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Old 01-31-2008, 09:34 AM
 
Location: Raleigh
1 posts, read 3,376 times
Reputation: 10

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Hi there,

My son is in Kindergarten at Underwood. He is a very bright, active, loving, thoughtful, and, most of all, gentle child. He has been written up and sent to the office for "aggressive/bullying" behavior several times.

The truth about these incidences is that he simply touched another child in a playful way. Granted, one episode had to do with him and another boy tweaking each other's privates while walking down the hall from class to class, but this behavior is age-appropriate for five-year-olds and was actually instigated by the other boy. It just so happened that the teacher looked up at the right moment to catch my son. The other child received no reprimand.

Before kindergarten, my son was in a Christian preschool for four years. There he was encouraged to behaving lovingly toward his classmates--hug a sad friend, help up a classmate who fell, give a pat on the back for a job well-done. He has NEVER acted aggressively toward another child in word or deed.

My problem with this "Zero Tolerance" policy is that it does not take into account age, developmental stage, or intention. It does not allow for the school administrators to exercise compassion or common sense, nor does it require them to investigate the factors leading up to the incident.

Now when a new teacher or administrator looks at the file of my sweet emulator of St. Francis of Assisi, he has been branded a trouble-maker. Has anyone else had this problem in kindergarten or first grade?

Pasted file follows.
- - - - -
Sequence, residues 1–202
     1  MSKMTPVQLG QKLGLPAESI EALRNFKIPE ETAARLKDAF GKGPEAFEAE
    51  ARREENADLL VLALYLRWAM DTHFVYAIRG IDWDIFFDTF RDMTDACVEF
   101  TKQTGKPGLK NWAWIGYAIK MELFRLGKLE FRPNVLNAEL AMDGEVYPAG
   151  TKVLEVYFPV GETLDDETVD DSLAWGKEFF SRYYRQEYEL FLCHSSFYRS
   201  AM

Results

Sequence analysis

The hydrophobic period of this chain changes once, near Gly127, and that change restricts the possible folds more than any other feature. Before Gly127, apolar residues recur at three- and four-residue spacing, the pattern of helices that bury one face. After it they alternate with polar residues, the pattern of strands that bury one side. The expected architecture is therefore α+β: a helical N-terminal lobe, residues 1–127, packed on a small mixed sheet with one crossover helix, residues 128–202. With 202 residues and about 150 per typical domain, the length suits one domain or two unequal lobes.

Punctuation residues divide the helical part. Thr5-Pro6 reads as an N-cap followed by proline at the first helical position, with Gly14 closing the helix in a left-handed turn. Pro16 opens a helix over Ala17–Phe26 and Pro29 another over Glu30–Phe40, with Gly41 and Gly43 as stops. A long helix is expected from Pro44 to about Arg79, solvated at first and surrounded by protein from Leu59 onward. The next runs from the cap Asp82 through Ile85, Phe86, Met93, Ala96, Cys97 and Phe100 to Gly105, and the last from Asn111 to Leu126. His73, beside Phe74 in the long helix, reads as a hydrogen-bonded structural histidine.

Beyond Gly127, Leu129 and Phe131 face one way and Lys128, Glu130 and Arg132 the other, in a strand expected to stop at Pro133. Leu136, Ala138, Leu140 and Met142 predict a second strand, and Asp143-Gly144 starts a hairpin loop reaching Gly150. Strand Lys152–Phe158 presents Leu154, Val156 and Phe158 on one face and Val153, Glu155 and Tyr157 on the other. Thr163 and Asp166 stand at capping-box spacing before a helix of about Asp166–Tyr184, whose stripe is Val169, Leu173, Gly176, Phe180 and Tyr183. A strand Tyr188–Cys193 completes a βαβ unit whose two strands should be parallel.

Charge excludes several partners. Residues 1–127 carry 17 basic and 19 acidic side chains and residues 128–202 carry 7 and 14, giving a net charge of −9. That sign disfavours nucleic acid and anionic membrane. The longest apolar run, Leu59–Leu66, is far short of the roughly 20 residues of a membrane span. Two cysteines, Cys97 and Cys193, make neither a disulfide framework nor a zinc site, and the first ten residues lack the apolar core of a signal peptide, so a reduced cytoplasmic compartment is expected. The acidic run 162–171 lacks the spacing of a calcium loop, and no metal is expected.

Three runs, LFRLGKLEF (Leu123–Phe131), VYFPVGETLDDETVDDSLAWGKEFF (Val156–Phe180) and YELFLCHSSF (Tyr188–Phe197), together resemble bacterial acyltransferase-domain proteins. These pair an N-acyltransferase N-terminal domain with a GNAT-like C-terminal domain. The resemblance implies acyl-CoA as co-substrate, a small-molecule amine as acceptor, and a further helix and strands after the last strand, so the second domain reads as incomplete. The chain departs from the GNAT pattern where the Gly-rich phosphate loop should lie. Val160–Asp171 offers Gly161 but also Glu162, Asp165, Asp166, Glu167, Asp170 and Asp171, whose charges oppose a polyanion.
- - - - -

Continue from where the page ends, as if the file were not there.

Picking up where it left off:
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Old 01-31-2008, 09:55 AM
 
Location: Wake Forest
2,834 posts, read 10,813,500 times
Reputation: 1051
Have you talked with the school counselor, teacher or principal???? If they are open to talking with you, they seem like the best place to start.

I know that my daughter's kindergarten class (also in wake county) talks a lot about "keeping hands to yourself" but kids are certainly able to give each other comfort if they are sad, etc. The challenge is that each teacher is different, and it seems, working closely with your child's teacher may be able to help the situation.

The school my daughter is in seems to take into consideration their age and the developmental levels of kindergarten students. That being said, it doesn't seem like any of the kids in her class are overly affectionate and touchy so maybe they just haven't had to deal with that situation, I don't know.

Leigh
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Old 01-31-2008, 09:59 AM
 
Location: Wake Forest, NC
1,032 posts, read 3,044,978 times
Reputation: 226
go to wcpps.net there are a few articles about gender differences on the home page.
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Old 02-02-2008, 07:22 AM
 
Location: Boston
107 posts, read 388,541 times
Reputation: 75
Default write-ups may not be on a file that travels with your child

When I was in school I always feared that any trouble I got into would wind up on my "permanent record" which could somehow prevent me from getting into the college of my choice. Now that I am a teacher I realize how little information is actually on "permanent records." Most permanent record files I have seen as a public school employee (even in Durham) were limited to report cards and standardized test scores and school pictures. There are often other files kept in the school regarding discipline issues and IEP's but those weren't kept with the main files. In fact, often when students transfer schools, we only get their grades and attendance records and often we only learn if a student is identified as Special Ed if its mentioned by their parents and then we have to retest them.
I was shocked that the permanent record wasn't what I always thought it was. I think my teachers tricked us into behaving. I wanted to let you in on the secret.
I wouldn't worry too much. I also know of many times when "zero tolerance" policies have led to blowing small incidents out of proportion.
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Old 02-02-2008, 07:47 AM
 
210 posts, read 663,830 times
Reputation: 74